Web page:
To allay fears of real estate grabbing in the name of SEZs, the Commerce Ministry has also reduced the validity of ‘in-principle’ approvals from three years to one year. This should keep out ‘speculative’ developers and ensure that developers acquire the requisite land and make good their investment promises as soon as possible or risk losing their approvals altogether.

The validity for formal approval, however, remains three years as it’s not possible for a developer to get formal approval unless the land acquisition and other formalities with the state governments are complete within a year of getting an in-principle nod from the Board of Approvals.

Posted in Displacement, Policies, SEZs | Leave a Comment »

India’s role key to break the Doha deadlock: Lamy

Posted by Ramoo on March 17, 2007
Posted online: Tuesday, March 13, 2007 at 0000 hours IST
NEW DELHI, MAR 12 :  WTO director-general Pascal Lamy on Monday criticised the slow progress of the Doha Round of talks and called for speeding up the process to achieve a breakthrough by June. India can help in breaking the ice, Lamy said.

Lamy, who was here to participate in a seminar on the Doha Round said, “Time is not on our side and many members of the World Trade Organisation (WTO) are becoming impatient. The multilateral process of negotiations must therefore begin at full speed and chairpersons of various negotiation groups must come in centrestage.”
“We need to speed up the process to grasp the opportunity, which closes in June, with the expiry of the US Trade Promotion Authority,” Lamy added.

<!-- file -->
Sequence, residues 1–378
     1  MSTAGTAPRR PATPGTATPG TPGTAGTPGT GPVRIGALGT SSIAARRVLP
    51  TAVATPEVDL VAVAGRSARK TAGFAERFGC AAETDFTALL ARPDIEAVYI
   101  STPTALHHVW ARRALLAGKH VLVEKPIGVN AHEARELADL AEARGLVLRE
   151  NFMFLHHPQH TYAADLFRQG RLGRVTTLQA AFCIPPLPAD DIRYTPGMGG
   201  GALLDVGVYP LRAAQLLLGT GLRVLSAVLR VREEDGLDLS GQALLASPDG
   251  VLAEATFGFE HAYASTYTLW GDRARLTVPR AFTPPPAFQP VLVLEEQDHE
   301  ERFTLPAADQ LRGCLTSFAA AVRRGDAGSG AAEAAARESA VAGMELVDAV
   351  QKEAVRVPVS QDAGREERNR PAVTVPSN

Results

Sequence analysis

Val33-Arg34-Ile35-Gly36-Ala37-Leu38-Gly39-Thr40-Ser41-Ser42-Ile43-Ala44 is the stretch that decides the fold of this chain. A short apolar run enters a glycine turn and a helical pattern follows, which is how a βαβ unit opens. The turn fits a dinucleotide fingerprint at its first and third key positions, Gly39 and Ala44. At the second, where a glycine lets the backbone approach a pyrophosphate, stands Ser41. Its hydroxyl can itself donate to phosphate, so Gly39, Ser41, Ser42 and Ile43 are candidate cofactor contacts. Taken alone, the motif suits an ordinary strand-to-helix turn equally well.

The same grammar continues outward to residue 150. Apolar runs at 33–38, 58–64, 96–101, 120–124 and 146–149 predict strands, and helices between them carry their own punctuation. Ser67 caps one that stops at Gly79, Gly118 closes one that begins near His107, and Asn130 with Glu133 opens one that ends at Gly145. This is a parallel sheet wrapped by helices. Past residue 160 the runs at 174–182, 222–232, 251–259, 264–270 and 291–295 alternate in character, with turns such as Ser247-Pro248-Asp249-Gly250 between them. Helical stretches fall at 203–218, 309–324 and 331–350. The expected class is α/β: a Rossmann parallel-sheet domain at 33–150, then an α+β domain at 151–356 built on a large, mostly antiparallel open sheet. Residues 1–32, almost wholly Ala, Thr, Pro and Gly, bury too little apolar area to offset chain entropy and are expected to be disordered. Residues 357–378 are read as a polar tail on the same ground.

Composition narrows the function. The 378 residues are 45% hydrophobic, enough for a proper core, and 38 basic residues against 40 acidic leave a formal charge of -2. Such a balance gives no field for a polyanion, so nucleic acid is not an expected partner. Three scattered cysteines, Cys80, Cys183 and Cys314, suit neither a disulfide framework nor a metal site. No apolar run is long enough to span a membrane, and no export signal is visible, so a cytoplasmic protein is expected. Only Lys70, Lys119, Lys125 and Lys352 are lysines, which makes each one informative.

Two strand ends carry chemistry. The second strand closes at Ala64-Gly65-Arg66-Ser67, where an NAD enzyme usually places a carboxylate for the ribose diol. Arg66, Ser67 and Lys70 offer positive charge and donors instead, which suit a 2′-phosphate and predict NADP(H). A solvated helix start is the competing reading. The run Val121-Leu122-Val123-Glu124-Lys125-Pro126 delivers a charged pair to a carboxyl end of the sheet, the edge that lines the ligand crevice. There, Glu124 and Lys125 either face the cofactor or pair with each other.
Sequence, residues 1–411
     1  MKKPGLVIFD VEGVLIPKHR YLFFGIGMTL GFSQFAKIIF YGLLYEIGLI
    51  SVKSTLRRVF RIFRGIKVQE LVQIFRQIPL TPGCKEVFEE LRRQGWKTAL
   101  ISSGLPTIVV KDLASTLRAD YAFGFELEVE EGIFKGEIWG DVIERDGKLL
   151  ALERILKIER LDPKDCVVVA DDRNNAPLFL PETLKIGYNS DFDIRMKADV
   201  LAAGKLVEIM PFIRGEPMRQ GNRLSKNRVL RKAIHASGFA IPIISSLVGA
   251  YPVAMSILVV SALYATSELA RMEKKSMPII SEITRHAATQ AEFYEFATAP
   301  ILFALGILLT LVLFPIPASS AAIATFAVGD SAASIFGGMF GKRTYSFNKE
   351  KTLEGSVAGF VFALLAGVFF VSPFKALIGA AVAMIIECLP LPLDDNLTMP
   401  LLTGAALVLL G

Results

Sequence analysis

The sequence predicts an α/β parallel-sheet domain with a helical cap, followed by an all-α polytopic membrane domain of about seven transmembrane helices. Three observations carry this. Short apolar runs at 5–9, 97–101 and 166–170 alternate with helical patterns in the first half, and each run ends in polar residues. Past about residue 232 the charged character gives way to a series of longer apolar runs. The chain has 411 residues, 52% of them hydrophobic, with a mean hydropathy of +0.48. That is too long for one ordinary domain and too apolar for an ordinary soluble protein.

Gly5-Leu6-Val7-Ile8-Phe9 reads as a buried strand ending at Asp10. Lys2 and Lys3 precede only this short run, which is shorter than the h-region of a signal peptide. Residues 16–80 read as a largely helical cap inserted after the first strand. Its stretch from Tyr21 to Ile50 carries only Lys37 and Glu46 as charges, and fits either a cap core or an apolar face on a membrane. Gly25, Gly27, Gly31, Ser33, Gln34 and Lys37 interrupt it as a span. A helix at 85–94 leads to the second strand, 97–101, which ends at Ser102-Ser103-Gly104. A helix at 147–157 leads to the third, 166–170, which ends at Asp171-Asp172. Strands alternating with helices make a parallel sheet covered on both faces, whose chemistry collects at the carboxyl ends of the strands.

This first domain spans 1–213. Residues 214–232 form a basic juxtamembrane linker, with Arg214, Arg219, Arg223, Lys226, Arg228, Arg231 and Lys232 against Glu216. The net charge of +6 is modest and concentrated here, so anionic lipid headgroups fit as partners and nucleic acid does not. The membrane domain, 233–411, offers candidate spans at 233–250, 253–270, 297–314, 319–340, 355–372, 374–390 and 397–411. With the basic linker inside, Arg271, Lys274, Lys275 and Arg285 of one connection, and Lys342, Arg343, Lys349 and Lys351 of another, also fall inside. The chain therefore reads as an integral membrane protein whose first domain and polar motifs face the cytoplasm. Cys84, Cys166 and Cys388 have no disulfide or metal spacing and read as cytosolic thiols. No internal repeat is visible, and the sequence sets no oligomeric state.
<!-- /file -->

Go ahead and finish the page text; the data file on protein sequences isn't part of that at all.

Lamy, however, said, at present, political leaders were focussing to get a breakthrough since they realised the cost of failure would be “absolutely huge”. Meanwhile, around 200 protestors from farmers’ groups, including Bharat Krishak Samaj (BKS), Bharatiya Kisan Union (BKU) and NGOs Housing Rights Association, Peoples Campaign for Justice and Sovereignty, Youth for Justice and Slum Dwellers Association, gathered outside the venue and demanded to be heard. “We do not want a bad deal at any cost,” they said. Vandana Shiva of Navdanya questioned why no farmers’ leader was invited at the seminar.

“I was informed that some progress has been made in testing hypothesis, approaches and formulae last week in bilateral contacts between the US, EU, Brazil and India” Lamy said during his speech. On agriculture, Lamy said WTO members have agreed that this Round has to deliver effective cuts in trade-distorting farm subsidies in developed countries

Posted in Globalisation, Policies | Leave a Comment »

SEZ policy should be scrapped

Posted by Ramoo on March 16, 2007…



MUMBAI: The Manmohan Singh government should scrap its SEZ policy as many lacunas in it have been exposed, the threat to food security being just one, says BJP MP Kashiram Rana, also the convenor of the parliamentary committee on SEZs.
In an exclusive interview to ET, a day after 15 lives were lost in Nandigram, West Bengal, in a protest against a chemical hub in the region, the BJP leader from Gujarat lashed out at the Centre’s obsession for SEZs. His views assume significance because as head of the Parliamentary panel he had recently toured Andhra Pradesh, Maharashtra, Gujarat, Kerala, Orissa and Karnataka, where many SEZs are coming up.
In Mumbai last month, Mr Rana minced no words criticising the Vilasrao Deshmukh government for being “hand-in-glove with SEZ developers”. The committee will submit its report to Parliament in the current session.
“Time has come for the government, and particularly the Group of Ministers led by defence minister Pranab Mukherjee to revisit the whole issue. Considering the developments across the country, the existing policy needs to be scrapped,” he said. When pointed out that the SEZ idea had been his party’s (the BJP) creation, Mr Rana said it was more balanced than the current policy.
“We had a clear idea of core and non-core business activities that would be allowed in SEZ territories. And most importantly we never wanted agriculture land to be used for these zones,” he said.